Electric vehicles (EVs) are gaining popularity, with over 100,000 EVs sold globally each month, amounting to more than 1,000,000 annually. People, both individuals and companies, are choosing EVs for their numerous benefits: economic, environmental, and social. However, it is important to acknowledge that the electric vehicle industry also faces certain challenges, such as high initial costs and a lack of charging stations.
Undoubtedly, the transition towards electric vehicles heralds a transformation in the machinery-related industries. It necessitates a fresh approach to fleet management, encompassing various factors such as the power and energy requirements of electric cars. This article aims to enhance your understanding of key aspects of electric vehicles. It highlights what businesses need to take into consideration and how Navixy utilizes technology advancements on the platform and transform the EV's data into the insights you need to manage your electric fleet effectively.
About electric vehicles
While Electric Vehicles are widely known, not everyone is aware of the various types available. This knowledge may help fleet managers consider different parameters when optimizing costs and managing their fleet. There are three primary types of electric vehicles:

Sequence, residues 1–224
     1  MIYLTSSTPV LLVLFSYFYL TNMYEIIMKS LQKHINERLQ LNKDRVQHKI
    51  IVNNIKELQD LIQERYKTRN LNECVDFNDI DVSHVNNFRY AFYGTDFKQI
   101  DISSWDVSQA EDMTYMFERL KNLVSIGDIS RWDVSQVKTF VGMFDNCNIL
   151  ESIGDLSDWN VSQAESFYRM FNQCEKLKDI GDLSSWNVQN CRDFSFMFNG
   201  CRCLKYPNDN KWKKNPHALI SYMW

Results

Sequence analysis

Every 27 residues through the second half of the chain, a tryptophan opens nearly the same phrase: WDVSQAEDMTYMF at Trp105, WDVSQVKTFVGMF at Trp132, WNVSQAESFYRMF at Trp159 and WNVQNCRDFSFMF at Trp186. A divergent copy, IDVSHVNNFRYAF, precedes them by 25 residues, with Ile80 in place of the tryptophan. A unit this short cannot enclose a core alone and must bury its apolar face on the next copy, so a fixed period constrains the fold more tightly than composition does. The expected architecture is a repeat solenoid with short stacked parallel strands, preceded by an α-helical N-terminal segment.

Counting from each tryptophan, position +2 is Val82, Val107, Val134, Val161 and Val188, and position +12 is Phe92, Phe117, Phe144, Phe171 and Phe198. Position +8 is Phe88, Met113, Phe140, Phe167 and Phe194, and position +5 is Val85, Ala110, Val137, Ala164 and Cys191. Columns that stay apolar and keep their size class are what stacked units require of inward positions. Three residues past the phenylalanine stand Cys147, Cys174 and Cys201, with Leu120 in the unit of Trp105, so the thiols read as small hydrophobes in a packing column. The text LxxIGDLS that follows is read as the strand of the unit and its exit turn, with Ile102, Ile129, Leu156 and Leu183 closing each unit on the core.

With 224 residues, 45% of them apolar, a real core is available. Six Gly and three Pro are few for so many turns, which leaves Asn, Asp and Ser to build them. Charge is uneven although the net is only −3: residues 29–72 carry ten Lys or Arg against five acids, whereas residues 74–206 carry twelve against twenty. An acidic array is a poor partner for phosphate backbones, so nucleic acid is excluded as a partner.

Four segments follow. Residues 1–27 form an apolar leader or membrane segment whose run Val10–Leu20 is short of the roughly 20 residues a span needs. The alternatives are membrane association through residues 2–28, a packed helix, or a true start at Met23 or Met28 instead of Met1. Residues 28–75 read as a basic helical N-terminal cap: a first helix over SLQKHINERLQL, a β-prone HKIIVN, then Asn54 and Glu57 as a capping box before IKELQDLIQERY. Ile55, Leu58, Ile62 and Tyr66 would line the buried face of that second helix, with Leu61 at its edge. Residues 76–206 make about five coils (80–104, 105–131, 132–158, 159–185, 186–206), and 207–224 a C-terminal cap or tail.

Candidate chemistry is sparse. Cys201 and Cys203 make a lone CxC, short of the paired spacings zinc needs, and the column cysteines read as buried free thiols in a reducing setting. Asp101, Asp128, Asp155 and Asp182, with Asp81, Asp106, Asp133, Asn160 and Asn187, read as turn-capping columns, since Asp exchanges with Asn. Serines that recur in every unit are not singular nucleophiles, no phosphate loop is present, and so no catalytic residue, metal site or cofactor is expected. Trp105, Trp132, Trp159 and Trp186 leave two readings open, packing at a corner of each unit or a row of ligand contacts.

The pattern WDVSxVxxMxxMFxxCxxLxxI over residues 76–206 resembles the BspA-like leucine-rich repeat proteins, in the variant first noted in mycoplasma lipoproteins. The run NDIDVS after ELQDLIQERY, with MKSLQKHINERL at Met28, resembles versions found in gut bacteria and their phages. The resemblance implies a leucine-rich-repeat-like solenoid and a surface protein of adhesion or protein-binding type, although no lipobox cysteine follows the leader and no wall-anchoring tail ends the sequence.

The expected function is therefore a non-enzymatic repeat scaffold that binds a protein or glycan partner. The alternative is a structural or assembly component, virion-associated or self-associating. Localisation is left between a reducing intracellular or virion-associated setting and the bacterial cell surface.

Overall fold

Battery Electric Vehicles (BEVs): These are entirely electric with no gas engine. BEVs are charged from the electricity grid and store the power in large battery packs.
Plug-in Hybrid Electric Vehicles (PHEVs): These vehicles have both an electric motor and a conventional gasoline or diesel engine. They can be plugged into an electric outlet for charging, allowing them to drive short distances on electricity alone. For longer trips, they use the internal combustion engine.
Hybrid Electric Vehicles (HEVs): These vehicles also have both an electric motor and an internal combustion engine, but they cannot be plugged in to charge. Instead, they recharge their batteries through regenerative braking and by the internal combustion engine.
An EV fleet comprises electric vehicles owned or leased by businesses, governments, or organizations. Unlike traditional fleets fueled by gasoline or diesel, EV fleets rely on high-capacity, rechargeable batteries. The primary emphasis lies on batteries and their significance in this context.